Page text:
Take It Slow
In the meantime, take it slow. I see this as the key to transitioning through this time with more ease. Some simple steps to taking it slow include:
Allow yourself to move at your own pace: Try to refrain from comparisons to what other people are doing. We are all different and are thus going to respond to this time differently. Stop and observe how you are feeling with increased levels of activity and respond with what feels best for you.
Do what feels comfortable for you and your family: Know it's ok to say "No" to others' requests and invitations. Setting boundaries on your time and schedule is a way to protect and preserve your energy and is thus an act of care.
Set realistic expectations for yourself: You don't have to do everything at once. It's ok to add back activities slowly. Doing so allows for the space to both check in with how you are feeling in the moment and respond accordingly with what you need.
Show yourself some compassion: We can do this by validating our experience - It makes sense that I'm feeling this way. By recognizing what we've been through - Of course I feel this way after all I've been through. And by honoring what we were able to do despite everything going on - And I still took care of my kids, went to work, kept my family safe, got out of bed, etc.
We won’t be able to do all we were able to in our previous lives right away. Maybe we never will. And that’s ok. By slowing down and moving with intention, maybe we'll find a new way of living and being in the world post-pandemic that's more conducive to our overall well-being.
Stop, Breathe, Appreciate
Lately when feeling overwhelmed, I’ve been using the practice Stop, Breathe, Appreciate. It looks a little something like this:
Stop: Pause and bring your attention to the present.
Breathe: Take a deep breath, noticing the feeling of the breath in your body.
Appreciate: Focus your attention on something in your present experience that you are grateful for.
By doing this practice, we’re breaking the cycle of worry and rumination. Stopping to breathe, brings our attention out of our heads and the downward spiral of rumination and into the present. By then focusing our attention on something we appreciate in the present moment, we begin to widen our perspective to include what we already have going well for us. In creating this balance of perspective, the mind is more apt to envision good things to come in the future. In addition, we also begin to cultivate a both and mindset, thus better enabling us to hold space for and honor all of the complicated emotions that may be present with re-entry.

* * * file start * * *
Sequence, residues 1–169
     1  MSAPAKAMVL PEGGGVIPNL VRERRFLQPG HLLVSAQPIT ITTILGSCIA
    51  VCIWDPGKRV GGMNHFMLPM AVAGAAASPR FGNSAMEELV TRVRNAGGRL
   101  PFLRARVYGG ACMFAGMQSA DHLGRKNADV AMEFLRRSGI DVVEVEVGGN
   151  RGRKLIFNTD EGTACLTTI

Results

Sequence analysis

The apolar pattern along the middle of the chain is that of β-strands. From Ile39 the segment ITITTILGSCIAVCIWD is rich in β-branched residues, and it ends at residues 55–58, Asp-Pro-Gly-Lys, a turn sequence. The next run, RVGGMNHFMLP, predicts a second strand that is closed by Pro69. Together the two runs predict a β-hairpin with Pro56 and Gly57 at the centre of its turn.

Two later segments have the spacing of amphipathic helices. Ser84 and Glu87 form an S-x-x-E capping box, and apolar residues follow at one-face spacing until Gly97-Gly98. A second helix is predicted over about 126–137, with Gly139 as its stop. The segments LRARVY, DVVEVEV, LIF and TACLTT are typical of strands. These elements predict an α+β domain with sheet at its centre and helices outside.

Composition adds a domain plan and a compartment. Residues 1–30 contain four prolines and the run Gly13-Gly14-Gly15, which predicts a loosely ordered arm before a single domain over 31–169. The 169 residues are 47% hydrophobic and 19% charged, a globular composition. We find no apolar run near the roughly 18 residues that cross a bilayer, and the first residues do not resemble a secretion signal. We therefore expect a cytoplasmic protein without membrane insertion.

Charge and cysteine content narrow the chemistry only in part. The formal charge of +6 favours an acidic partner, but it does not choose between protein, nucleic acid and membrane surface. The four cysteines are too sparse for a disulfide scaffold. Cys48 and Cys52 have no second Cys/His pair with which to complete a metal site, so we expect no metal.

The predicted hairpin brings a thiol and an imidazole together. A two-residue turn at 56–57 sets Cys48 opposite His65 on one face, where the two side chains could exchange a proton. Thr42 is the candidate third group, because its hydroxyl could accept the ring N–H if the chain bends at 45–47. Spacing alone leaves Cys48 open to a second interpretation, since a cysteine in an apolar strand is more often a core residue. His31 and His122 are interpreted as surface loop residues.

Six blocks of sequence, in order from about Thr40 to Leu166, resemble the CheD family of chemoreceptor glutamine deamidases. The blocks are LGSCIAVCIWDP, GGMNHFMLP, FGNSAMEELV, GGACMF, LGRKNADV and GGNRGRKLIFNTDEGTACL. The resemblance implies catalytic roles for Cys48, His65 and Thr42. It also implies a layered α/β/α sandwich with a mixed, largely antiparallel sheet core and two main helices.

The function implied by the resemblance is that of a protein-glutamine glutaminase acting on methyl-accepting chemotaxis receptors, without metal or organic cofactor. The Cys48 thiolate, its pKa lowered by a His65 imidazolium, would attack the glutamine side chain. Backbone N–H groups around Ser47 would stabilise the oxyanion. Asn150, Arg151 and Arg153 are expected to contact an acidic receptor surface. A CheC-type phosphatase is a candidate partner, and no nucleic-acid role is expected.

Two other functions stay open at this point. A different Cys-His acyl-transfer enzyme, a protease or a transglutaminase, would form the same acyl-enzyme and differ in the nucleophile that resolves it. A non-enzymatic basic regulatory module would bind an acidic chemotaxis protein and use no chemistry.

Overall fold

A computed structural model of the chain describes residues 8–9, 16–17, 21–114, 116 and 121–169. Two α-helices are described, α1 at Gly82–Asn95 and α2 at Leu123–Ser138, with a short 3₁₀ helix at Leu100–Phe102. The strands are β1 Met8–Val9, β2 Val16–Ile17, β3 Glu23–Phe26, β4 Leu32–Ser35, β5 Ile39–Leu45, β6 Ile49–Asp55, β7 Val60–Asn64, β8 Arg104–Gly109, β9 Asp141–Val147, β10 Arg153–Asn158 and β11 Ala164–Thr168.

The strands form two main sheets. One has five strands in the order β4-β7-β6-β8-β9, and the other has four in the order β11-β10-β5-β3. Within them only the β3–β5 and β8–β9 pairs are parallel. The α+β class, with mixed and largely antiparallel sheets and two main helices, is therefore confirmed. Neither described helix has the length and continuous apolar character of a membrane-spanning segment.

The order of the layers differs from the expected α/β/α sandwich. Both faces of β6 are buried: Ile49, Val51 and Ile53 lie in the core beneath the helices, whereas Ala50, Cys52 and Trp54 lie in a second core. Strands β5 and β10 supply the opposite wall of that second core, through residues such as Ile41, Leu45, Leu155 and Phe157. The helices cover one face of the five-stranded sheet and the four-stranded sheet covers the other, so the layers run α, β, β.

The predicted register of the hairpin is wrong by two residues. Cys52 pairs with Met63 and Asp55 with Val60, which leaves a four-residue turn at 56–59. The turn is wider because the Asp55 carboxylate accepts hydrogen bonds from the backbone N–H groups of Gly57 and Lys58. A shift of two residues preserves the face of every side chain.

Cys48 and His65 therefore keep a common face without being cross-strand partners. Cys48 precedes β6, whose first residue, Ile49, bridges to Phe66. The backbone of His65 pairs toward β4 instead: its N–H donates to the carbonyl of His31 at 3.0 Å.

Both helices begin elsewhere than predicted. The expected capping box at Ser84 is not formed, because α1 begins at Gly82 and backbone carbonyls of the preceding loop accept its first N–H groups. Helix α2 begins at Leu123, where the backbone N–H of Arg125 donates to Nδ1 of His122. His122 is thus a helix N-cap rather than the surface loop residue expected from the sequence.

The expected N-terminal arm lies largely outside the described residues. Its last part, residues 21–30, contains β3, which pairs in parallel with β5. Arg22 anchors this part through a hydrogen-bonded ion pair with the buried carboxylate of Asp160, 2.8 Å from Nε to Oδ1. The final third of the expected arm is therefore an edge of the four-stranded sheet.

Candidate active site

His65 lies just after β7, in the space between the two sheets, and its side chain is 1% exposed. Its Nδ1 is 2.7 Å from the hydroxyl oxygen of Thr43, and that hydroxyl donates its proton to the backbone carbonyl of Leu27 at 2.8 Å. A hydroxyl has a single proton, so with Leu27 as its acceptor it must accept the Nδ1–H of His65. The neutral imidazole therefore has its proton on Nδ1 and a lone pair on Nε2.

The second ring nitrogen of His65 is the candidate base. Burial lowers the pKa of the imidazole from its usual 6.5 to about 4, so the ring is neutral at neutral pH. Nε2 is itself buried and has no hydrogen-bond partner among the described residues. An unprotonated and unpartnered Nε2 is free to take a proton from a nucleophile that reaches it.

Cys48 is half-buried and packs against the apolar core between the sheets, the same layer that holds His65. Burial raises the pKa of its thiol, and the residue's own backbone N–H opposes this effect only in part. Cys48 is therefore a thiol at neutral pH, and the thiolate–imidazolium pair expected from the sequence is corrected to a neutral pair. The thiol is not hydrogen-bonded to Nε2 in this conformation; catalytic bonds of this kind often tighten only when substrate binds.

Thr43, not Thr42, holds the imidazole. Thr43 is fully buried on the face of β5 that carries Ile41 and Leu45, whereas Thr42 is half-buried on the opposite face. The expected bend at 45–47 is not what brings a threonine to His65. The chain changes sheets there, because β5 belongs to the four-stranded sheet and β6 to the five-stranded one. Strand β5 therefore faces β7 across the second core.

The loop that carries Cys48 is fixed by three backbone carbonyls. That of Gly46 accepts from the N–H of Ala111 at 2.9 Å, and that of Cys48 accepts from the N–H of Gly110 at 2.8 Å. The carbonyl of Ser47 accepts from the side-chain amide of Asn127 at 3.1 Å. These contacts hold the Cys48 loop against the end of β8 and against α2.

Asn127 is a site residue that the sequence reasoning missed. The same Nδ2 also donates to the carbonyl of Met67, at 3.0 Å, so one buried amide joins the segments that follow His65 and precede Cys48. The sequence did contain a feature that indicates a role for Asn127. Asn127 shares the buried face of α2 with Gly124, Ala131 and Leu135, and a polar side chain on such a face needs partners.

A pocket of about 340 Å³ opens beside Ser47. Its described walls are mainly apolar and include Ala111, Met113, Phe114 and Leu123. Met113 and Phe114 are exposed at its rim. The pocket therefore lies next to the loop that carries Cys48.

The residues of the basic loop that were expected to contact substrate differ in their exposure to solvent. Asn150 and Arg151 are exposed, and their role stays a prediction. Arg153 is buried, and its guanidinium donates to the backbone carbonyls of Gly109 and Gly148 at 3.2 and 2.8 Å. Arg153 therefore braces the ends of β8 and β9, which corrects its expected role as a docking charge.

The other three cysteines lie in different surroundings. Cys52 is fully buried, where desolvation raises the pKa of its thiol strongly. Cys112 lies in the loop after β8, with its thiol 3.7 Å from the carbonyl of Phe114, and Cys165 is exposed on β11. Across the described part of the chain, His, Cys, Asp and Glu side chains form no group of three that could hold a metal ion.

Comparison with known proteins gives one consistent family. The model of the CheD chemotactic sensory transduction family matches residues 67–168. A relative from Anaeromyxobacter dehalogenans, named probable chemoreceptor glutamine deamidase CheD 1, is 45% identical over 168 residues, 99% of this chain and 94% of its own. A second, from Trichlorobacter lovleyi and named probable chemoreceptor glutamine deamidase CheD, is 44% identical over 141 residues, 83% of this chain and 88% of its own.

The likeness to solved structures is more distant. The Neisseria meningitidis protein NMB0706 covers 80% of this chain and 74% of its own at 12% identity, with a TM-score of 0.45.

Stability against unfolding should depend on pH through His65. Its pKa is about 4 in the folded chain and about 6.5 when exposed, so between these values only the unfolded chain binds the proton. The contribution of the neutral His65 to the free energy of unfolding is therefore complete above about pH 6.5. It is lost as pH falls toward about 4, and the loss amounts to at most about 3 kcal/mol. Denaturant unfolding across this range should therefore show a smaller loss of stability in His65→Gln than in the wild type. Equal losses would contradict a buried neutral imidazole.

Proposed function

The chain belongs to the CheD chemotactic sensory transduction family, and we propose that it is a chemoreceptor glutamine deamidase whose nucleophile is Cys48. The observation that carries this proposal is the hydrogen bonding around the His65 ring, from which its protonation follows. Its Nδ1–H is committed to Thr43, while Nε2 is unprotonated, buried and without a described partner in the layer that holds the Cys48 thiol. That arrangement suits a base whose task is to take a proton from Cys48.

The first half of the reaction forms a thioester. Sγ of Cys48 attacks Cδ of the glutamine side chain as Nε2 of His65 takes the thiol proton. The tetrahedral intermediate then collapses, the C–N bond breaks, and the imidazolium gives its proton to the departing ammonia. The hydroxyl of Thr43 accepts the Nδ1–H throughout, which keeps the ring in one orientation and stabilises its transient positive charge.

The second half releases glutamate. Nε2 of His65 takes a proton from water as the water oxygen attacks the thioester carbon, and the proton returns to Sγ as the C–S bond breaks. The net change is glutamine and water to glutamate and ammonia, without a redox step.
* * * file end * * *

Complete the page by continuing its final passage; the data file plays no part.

Looking for support and new ideas for how to respond to re-entry anxiety? HeartSpace Wellness Studio has multiple offerings to help.
Individual Art Therapy Sessions
Work with Catherine one on one to learn different practices in art making, mindfulness, yoga, and self-compassion to help find ease when anxiety is present.
Schedule a free, 20 minute consultation online.
Art & Mindfulness Workshops
Attend a workshop to explore different practices in mindfulness and connect with others.
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$50 plus ticketing fees
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Pay What You Can/Suggested Donation $20
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Mindfulness in the Workplace
Bring mindfulness to your workplace to relieve stress, improve morale, spark creativity, and overall help cultivate a more mindful and resourceful work environment.